Of course, ultrabooks run Windows, while on the AIR you’re getting Mac OS. Each comes with its own ecosystem of apps and software, but at the end of the day, you should be fine with either of them, as long as you’re not planning on running specialized software (games for instance work better on Windows, while some apps work only on Mac OS X or only on Windows). So it’s wise to choose the right OS for you based on the programs you’re going to use.
The battery life
Here’s where the MBA outmatches most of the available ultrabooks, and there are two main reasons for that: a bigger battery and better software/hardware optimization than on the alternatives.
The 2015 MacBook Air 13 offers up to 13 hours of everyday real-life use, while the 11 inch model can go for about 9. Those aren’t just numbers taken from a book, not, that’s how long the laptops will last with daily activities (light browsing, 1080p looping, text editing, etc). If you’re going to multitask between many programs at once, those numbers will drop, but even so, the Macbook Airs will have little trouble in outmatching most ultrabooks.
With Broadwell ultrabooks you’re getting anywhere between 6 to 9 hours on a charge, which is not bad at all, but not quite up there next to the Airs. Yes, there are some models that announce 15+ hours of use on a charge, like the Dell XPS 13 2015, but in practice they can’t deliver more than 10.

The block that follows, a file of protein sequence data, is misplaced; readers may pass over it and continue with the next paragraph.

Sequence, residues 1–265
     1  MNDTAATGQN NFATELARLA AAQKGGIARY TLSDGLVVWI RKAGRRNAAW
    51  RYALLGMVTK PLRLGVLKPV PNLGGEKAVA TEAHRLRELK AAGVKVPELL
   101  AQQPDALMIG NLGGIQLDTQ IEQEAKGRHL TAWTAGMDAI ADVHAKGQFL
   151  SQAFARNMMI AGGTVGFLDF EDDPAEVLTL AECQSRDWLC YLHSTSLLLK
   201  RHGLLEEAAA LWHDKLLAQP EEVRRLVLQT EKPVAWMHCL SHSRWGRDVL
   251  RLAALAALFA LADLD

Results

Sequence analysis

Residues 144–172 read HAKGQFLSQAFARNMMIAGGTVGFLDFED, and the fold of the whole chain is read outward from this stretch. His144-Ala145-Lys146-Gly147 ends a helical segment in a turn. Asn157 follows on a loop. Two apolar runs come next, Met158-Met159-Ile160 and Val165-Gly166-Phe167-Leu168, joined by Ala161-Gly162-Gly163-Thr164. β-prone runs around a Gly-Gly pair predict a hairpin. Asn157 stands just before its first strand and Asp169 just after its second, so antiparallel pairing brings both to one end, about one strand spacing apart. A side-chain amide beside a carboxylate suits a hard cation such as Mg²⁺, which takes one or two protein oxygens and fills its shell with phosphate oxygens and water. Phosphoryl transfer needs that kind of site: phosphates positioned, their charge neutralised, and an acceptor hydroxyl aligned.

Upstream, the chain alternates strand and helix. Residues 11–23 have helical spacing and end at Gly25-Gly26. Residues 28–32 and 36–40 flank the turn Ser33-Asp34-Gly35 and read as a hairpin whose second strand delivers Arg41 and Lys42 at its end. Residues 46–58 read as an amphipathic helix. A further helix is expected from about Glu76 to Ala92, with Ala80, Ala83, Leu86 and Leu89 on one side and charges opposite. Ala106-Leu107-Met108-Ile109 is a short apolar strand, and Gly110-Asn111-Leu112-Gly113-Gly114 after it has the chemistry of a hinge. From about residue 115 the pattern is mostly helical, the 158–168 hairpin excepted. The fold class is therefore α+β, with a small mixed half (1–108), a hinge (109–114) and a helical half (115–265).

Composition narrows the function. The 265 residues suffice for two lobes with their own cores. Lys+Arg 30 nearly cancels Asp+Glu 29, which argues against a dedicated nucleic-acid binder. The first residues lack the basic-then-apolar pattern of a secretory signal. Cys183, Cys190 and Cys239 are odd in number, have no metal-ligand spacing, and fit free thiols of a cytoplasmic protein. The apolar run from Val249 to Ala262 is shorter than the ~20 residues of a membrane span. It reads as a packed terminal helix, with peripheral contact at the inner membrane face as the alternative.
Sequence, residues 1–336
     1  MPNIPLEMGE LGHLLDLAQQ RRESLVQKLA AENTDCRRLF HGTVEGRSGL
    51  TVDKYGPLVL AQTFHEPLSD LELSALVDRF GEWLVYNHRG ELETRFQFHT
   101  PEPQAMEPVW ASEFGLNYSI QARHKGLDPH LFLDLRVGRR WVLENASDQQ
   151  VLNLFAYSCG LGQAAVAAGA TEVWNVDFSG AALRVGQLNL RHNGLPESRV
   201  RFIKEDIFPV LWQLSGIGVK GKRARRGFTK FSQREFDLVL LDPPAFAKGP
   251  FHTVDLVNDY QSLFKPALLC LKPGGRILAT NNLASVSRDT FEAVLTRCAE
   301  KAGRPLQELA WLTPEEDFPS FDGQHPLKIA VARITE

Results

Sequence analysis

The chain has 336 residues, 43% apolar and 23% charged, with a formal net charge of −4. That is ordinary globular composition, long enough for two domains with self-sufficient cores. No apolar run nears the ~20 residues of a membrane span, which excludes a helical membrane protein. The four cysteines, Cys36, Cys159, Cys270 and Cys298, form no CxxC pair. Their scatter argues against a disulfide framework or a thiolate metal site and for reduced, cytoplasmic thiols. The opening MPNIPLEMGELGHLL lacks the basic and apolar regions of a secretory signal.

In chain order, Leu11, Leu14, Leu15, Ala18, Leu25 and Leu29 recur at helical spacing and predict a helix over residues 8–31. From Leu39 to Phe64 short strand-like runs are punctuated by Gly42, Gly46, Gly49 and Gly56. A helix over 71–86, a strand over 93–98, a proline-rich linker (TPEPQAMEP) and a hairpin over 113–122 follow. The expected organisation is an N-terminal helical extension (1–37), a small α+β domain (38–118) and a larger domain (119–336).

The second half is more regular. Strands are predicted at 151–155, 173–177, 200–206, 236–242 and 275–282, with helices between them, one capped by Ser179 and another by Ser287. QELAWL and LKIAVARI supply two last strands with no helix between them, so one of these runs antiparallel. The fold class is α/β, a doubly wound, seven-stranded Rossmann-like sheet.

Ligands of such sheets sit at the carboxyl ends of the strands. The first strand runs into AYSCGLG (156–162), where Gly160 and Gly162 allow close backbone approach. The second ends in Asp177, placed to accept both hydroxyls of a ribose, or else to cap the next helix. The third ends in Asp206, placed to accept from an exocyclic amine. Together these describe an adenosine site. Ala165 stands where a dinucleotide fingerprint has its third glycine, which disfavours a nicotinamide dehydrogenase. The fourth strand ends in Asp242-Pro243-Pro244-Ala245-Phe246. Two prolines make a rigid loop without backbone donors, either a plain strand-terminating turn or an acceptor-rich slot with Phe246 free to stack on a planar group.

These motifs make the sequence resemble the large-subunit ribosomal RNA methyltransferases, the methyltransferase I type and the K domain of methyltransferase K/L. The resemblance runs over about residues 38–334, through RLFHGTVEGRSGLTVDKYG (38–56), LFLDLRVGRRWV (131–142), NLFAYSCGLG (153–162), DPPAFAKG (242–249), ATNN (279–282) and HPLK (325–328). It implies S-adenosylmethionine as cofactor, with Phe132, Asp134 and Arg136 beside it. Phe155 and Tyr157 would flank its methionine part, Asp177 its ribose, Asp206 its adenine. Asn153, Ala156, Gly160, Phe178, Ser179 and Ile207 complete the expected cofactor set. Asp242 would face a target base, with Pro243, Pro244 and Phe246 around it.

There are some exceptions, like the Lenovo ThinkPad X250 for instance, but those Windows laptops that actually can outlast the Macbook Airs relly on very big batteries, which add up to the device’s weight and even protrude on their backs in some cases. On top of that, some 13 inch ultrabooks support extended slice batteries.
The other tiny details
There are some other aspects worth mentioning. Connectivity options, for instance. The latest Macbook Air supports Bluetooth and Wi-Fi 802.11ac wireless, offers USB 3.0 ports, a card-reader and ThunderBolt connectors and while these might require adapters, are enough for everything you might want to connect.